• connect(port, clientId, connectOptions): establish a connection and return a Connection object.
  • disconnect(::Connection): terminate the connection.
  • check_all(::Connection, ::Wrapper): process available responses, not blocking. Return the number of messages processed. Needs to be called regularly.
  • start_reader(::Connection, ::Wrapper): start a Task for background processing.
  • methods that send specific requests to the server. Refer to the official IB EClient class documentation for further details and method signatures. The only caveat is to remember to pass a Connection as first argument: e.g. reqContractDetails(ib::Connection, reqId:Int, contract::Contract)
Wrapper

Like the official IB EWrapper class, this struct holds the callbacks that are dispatched when responses are processed. By default it is filled with dummy functions. The user should override in the constructor the desired methods, as shown above.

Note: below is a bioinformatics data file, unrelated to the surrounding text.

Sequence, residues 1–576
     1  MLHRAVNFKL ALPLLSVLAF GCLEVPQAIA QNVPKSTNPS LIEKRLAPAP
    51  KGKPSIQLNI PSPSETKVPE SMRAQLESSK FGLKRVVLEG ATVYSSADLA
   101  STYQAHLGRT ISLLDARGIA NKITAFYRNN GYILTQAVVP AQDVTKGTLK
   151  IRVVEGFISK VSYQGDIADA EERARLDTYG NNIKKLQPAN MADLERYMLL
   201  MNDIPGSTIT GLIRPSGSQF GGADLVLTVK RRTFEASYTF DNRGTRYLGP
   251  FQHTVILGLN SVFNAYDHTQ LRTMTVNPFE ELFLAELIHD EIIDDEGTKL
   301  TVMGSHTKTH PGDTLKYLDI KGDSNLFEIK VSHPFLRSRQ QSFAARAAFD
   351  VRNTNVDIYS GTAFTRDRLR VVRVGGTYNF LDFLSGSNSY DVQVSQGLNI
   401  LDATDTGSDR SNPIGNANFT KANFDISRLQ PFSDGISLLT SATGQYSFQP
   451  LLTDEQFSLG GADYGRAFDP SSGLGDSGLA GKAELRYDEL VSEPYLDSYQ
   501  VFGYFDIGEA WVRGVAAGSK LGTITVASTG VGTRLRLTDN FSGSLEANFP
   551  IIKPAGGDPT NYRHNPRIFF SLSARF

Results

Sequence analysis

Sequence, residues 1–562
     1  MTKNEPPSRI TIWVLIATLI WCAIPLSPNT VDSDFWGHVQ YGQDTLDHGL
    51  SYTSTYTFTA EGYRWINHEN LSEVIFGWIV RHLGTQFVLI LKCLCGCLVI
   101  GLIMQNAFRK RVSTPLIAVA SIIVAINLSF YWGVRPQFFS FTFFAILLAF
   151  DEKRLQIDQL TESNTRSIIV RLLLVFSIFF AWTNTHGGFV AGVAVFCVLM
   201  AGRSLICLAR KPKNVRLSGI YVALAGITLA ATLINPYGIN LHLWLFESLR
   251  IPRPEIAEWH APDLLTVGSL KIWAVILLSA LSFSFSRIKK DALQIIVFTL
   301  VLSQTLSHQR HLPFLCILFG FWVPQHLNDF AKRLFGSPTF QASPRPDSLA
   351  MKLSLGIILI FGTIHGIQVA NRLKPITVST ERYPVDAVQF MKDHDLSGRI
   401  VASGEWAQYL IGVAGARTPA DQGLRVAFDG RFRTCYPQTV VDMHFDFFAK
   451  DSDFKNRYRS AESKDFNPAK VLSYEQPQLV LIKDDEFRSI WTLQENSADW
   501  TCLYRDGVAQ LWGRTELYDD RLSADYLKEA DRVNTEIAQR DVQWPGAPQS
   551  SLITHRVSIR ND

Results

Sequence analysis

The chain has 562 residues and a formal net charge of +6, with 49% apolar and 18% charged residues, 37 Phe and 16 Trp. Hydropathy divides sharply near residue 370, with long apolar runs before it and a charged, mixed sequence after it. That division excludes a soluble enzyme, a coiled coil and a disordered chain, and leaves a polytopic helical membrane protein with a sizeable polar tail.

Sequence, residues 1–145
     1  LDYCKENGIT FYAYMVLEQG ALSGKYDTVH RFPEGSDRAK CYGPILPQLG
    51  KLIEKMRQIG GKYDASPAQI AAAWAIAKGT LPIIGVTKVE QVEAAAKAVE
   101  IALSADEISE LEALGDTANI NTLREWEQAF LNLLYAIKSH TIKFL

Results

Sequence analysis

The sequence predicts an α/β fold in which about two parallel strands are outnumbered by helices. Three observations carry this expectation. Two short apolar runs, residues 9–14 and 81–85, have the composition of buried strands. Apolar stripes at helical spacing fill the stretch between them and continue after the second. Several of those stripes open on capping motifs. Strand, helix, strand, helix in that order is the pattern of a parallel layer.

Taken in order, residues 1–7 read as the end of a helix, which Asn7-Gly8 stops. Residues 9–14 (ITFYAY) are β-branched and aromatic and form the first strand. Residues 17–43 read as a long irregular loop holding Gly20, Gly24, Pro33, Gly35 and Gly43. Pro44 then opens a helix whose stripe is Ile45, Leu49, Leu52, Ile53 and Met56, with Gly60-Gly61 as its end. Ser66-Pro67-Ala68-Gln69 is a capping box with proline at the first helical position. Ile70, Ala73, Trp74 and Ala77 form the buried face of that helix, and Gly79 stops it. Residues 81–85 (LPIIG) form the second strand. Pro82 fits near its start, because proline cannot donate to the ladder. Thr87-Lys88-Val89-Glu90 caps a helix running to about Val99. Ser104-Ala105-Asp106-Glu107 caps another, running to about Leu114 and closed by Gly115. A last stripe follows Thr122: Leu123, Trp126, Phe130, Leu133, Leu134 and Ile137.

A more comprehensive example is provided by simple_wrap(), which is used like this:

using Jib: Jib, Contract, reqContractDetails, simple_wrap, start_reader

data, wrap = simple_wrap();

ib = Jib.connect(4002, 1);
start_reader(ib, wrap);

reqContractDetails(ib, 99, Contract(conId=208813720, exchange="SMART"))

# Wait for the response and then access the "ContractDetails" result:
data[:cd]

Thanks to closures, data (a Dict in this case) is accessible by all wrap methods as well as the main program. This is one way to propagate incoming data to different parts of the program.

For more details about callback definitions and signatures, refer to the official IB EWrapper class documentation. As reference, the exact signatures used in this package are found here.